Activity 12(c)


Creative Arts6,8047,95016.8%
English, Languages6,8043,950-41.9%
Clinical Psychology, Nursing6,8043,950-41.9%
Medicine, Dental, Vet Science11,35511,300-0.5%

2. The fees for Engineering and IT have decreased because theSTEm subjects such as these are high government priority areas and therefore the government is keen to encourage students to enroll in these courses. In contrast, the fees for Economics courses has increased because the government consider this a lower priority area, but also. believes that students completing these courses have reasonably good job prospects and are therefore more likely to be in a better position to pay a greater share.

3. The government justifies it on the basis that it wants to promote the completion of degrees in those courses that are considered high priority, such as STEM subjects which he believes provide the greatest contribution to Australia’s prosperity in the future. Essentially the reforms are about skilling young Australians for the jobs of the future and in those areas that make sizeable contributions to national welfare.

4. By reducing the cost of courses in the STEM subjects for example should attract more students and therefore lead to an inuease in the number of graduates from those faculties. It will theretore help to prevent skills shortages that might otherwise have arisen in the future, helping to maintain/boost productivity, which exerts downward pressure on costs of production, improving supply conditions for businesses and shifting the aggregate supply curve to the right.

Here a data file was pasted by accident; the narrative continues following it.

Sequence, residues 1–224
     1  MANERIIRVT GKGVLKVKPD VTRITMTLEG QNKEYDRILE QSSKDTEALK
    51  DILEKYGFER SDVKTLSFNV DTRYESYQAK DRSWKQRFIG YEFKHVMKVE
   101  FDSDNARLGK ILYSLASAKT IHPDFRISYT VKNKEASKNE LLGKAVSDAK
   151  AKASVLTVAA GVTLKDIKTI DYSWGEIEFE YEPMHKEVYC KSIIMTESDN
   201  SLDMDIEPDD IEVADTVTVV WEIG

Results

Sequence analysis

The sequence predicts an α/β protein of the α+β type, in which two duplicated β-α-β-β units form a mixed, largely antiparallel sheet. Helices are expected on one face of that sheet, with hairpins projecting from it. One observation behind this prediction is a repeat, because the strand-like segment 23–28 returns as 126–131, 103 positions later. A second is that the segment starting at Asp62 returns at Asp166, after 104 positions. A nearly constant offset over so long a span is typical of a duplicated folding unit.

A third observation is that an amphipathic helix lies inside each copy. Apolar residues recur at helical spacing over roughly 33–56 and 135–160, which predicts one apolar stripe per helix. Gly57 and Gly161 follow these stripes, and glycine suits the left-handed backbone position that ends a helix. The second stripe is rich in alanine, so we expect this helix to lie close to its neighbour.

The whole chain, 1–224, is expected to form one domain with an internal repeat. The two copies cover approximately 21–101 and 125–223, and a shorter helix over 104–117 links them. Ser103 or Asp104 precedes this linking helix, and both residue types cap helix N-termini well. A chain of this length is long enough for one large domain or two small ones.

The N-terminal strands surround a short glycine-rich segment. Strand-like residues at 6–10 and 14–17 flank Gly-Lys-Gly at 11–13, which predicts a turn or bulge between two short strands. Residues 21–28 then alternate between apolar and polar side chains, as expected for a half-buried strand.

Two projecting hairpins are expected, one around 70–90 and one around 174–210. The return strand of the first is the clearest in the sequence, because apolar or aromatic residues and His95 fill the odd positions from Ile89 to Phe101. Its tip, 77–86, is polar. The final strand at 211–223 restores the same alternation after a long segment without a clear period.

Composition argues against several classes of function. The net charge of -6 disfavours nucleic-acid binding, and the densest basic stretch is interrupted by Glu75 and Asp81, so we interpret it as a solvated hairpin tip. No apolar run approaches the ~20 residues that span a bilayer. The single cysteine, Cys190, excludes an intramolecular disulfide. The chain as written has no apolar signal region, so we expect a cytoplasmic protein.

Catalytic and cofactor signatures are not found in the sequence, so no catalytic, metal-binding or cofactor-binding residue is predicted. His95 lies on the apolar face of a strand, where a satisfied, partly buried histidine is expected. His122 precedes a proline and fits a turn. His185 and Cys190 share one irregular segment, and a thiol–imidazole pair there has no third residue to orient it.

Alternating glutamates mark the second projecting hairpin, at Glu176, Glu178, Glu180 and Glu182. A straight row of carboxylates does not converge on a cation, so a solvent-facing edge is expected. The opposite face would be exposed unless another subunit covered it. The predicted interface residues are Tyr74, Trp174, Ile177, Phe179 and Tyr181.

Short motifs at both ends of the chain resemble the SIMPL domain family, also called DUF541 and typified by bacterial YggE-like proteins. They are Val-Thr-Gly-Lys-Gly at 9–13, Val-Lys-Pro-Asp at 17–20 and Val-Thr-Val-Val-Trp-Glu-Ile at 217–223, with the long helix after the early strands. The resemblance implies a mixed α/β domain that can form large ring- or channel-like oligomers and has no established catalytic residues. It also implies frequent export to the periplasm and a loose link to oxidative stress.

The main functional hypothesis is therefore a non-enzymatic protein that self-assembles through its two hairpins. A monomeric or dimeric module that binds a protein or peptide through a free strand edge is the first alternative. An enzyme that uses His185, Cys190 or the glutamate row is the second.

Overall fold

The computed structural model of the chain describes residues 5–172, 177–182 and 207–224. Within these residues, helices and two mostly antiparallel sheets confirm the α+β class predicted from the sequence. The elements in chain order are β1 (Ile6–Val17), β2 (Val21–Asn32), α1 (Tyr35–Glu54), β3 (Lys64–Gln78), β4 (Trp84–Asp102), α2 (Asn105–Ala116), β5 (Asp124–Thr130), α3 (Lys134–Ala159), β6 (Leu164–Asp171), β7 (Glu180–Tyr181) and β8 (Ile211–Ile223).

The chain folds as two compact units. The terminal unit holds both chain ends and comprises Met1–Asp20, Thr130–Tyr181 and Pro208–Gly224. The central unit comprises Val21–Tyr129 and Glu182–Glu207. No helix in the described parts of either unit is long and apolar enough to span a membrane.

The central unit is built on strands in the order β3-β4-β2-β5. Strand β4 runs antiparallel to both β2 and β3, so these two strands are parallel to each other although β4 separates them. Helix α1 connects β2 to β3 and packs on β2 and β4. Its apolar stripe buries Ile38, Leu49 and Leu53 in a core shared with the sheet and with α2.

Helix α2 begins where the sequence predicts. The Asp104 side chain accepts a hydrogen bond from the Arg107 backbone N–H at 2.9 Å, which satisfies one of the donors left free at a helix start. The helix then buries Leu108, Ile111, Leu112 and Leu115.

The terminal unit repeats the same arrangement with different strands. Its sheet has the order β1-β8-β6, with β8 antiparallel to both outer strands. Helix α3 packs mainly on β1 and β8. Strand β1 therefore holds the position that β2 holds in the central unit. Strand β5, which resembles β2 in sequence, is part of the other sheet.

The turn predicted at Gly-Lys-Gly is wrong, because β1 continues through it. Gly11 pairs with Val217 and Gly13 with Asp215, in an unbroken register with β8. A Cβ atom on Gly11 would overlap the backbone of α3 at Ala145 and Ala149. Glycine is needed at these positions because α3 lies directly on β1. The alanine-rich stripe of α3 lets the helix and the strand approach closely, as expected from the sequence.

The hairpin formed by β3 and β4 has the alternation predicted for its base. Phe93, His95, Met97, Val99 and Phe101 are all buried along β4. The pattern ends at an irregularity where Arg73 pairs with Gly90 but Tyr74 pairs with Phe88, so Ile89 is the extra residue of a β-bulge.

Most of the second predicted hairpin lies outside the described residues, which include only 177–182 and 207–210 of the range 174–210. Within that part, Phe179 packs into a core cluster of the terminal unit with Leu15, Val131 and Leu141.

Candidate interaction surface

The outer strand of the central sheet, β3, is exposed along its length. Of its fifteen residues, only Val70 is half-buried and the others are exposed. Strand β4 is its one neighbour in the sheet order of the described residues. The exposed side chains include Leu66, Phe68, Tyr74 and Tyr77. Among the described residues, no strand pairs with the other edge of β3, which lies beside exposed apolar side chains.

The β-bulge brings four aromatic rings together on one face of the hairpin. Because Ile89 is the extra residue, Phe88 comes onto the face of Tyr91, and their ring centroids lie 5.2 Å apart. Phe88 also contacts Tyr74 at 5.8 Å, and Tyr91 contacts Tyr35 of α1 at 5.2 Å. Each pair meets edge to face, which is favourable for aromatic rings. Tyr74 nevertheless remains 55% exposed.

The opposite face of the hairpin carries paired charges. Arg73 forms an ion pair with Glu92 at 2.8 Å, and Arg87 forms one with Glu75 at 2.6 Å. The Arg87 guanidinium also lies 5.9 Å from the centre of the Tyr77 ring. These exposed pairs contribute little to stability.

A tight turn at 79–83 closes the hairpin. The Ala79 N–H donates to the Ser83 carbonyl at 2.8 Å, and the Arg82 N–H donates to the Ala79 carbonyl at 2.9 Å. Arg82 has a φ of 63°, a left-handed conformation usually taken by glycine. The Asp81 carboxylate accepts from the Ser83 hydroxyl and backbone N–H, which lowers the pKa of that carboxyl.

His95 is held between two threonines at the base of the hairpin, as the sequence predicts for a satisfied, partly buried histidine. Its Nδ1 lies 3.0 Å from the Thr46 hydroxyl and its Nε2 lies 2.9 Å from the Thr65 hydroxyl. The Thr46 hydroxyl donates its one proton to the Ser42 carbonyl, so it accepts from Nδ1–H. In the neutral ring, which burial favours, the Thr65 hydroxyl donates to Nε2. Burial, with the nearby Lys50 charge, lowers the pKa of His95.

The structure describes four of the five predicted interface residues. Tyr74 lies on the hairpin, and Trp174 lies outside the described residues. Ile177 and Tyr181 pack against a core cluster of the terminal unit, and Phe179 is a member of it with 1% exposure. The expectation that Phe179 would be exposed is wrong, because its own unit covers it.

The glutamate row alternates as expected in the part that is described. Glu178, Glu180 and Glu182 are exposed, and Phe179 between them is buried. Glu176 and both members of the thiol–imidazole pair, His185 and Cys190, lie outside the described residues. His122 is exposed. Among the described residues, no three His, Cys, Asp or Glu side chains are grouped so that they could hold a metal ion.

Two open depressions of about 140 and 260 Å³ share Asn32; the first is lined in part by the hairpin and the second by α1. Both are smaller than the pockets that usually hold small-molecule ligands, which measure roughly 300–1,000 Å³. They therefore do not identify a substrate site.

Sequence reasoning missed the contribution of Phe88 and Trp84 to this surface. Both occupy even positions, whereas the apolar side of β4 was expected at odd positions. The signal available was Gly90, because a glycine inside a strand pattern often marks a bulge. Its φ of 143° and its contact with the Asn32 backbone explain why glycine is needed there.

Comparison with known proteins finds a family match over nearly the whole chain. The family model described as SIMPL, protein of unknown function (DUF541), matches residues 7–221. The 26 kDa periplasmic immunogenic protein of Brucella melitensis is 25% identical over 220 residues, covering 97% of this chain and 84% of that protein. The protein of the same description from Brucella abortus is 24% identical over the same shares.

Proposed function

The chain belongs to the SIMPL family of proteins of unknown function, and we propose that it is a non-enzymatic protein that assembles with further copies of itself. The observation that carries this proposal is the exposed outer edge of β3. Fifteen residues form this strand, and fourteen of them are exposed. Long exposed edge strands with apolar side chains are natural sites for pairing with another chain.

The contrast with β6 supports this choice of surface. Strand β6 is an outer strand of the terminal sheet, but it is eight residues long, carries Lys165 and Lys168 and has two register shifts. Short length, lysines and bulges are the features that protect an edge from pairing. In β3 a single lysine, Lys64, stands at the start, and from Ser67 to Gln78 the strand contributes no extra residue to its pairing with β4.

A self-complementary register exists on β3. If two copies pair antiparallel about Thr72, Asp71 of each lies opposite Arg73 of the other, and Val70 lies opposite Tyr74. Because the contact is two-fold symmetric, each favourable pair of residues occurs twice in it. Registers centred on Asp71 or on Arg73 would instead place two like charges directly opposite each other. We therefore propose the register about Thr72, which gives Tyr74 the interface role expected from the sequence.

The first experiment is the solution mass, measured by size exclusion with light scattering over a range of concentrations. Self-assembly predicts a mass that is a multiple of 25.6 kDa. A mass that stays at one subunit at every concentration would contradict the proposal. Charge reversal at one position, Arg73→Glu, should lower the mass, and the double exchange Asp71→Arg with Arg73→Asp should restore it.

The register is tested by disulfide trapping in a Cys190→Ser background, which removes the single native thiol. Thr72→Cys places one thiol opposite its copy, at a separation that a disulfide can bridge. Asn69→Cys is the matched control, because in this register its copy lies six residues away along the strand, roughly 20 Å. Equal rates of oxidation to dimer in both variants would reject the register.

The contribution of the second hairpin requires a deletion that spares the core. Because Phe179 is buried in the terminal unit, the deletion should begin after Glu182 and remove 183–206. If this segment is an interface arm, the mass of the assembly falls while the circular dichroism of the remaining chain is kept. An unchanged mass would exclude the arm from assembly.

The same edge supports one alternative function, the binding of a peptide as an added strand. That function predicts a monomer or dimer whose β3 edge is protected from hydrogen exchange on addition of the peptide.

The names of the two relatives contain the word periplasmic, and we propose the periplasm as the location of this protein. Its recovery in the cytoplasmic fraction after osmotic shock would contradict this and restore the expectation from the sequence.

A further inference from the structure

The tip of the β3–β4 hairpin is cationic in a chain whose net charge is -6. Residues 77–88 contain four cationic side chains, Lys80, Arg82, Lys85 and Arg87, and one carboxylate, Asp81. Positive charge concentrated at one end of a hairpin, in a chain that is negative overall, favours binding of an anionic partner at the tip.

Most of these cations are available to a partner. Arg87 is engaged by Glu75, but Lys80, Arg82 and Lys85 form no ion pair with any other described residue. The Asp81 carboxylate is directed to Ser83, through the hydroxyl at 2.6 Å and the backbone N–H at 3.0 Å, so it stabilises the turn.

5. To the extent that the reforms helped to raise productivity over time, it should lead to an increase in aggregate supply his productivity is enhanced, which in turn helps to reduce prices and inflation, improving Australia’s (international) competitiveness. This will facilitate an increase in aggregate demand over Lime (i.e. an expansion along the AD curve) and lead to low inflationary (ie. more sustainable) economic growth. As growth in production takes place necessarily leads to an increase in the demand for labour, boosting employment and helping to reduce the rate of unemployment towards the full employment (NAIRU) level of approximately 4.5%.

6. To the extent that the higher tees on average discourage students from attending university it actually has the potentially perverse effect of decreasing the quality of human capital, which of course has the reverse effects of those intended. A further unintended consequence is the likely decrease in demand for Australian university education from foreign students, which reduces Australia’s export income and negatively impacts on the current account balance.

7. Personal choice